Heraklion, Greece — (METERING.COM) — January 9, 2013 – The European Union’s network and information security agency ENISA has set out in a report released in late December a set of security measures aimed to provide a minimum level of cybersecurity for smart grids in Europe.
The report proposes 39 security measures, organized into three sophistication levels and ten domains, as follows:
- Security governance and risk management
- Management of third parties
- Secure lifecycle process for smart grid components/systems and operating procedures
- Personnel security, awareness and training
- Incident response and information knowledge sharing
- Audit and accountability;
- Continuity of operations
- Physical security
- Information systems security
- Network security.
The three sophistication levels – decided on the basis of a risk assessment – are whether the security measure is implemented in an early stage, whether it is implemented according to industry standards across a large part of the organization and sometimes reviewed, or whether it is implemented in an advanced way and monitored and tested continuously.
According to the report, the European approach, in contrast to the strict regulatory path in the U.S., is to allow a certain degree of ‘freedom’ in which the guidelines can be tailored and combined for the needs of different actors, given the varied market.
“In order to reach the ambitious EU 2020 objectives of 20 percent of renewable energy, 20 percent of CO2 emissions reduction and 20 percent increase in energy efficiency, it is a key issue to ensure that the rollout of smart grids for distributed energy generation into future electricity grid is done in a secure way,” said ENISA executive director, Professor UdoHelmbrecht. “Both innovative technical solutions are required, along with new suitable EU regulatory and economic schemes.”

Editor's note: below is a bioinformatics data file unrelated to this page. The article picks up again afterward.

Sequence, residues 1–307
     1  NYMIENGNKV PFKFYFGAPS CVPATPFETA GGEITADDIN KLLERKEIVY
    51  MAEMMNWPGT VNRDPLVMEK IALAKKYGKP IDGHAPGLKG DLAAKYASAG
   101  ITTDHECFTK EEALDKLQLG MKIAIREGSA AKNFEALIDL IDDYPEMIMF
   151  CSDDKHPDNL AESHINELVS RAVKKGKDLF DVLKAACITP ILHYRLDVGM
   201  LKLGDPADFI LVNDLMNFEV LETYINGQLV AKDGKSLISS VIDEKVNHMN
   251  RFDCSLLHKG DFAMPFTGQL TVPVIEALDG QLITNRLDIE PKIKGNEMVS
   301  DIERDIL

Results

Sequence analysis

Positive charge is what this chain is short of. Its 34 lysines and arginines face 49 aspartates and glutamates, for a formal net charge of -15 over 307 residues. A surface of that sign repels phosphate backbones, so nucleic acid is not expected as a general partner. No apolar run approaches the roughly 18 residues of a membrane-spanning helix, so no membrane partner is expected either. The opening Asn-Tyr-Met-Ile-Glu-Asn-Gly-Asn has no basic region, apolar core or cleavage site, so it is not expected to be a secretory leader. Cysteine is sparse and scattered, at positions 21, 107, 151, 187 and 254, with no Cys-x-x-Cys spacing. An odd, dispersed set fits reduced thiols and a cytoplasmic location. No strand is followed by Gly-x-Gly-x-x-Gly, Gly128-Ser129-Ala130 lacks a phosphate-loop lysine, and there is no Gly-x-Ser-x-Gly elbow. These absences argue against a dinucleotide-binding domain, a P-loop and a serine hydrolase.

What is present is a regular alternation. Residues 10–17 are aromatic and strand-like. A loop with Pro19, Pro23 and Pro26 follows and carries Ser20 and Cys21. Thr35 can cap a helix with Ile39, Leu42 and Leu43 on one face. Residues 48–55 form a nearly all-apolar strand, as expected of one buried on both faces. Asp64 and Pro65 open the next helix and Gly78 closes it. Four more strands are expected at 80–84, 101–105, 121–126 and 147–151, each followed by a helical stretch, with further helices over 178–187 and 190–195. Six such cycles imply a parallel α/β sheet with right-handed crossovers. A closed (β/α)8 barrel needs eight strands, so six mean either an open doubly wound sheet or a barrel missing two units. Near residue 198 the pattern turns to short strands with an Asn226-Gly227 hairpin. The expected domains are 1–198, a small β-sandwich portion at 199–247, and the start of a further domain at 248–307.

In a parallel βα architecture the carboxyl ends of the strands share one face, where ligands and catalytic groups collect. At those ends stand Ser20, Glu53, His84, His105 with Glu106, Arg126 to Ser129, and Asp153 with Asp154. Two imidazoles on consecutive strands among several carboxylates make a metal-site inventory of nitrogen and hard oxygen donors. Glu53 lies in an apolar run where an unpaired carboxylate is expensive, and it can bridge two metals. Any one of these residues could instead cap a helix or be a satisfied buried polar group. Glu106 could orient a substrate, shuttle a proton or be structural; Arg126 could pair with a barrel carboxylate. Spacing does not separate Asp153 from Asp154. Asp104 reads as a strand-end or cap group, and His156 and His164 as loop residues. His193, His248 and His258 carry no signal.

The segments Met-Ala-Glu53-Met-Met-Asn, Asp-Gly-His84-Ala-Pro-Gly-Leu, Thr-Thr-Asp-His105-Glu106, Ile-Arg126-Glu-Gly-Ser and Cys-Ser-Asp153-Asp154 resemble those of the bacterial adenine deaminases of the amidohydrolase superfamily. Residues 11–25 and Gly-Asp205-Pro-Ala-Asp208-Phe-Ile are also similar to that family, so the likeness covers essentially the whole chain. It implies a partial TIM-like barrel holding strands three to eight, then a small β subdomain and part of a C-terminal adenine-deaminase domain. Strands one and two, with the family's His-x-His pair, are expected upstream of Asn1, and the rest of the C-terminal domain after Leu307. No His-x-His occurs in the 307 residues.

The report notes that the adoption of a minimum set of security measures needs the consensus and cooperation of various smart grid stakeholders. A coordination initiative could allow a common and generally accepted approach to smart grid security issues. Moreover, a common cybersecurity approach would help both regulators and stakeholders by harmonising the complex smart grid’s environment and by providing incentives to improve cybersecurity.
The report also includes a mapping of the security measures and the standards ISO/IEC-27002, NISTIR-7628 and ISO/IEC TR 27019.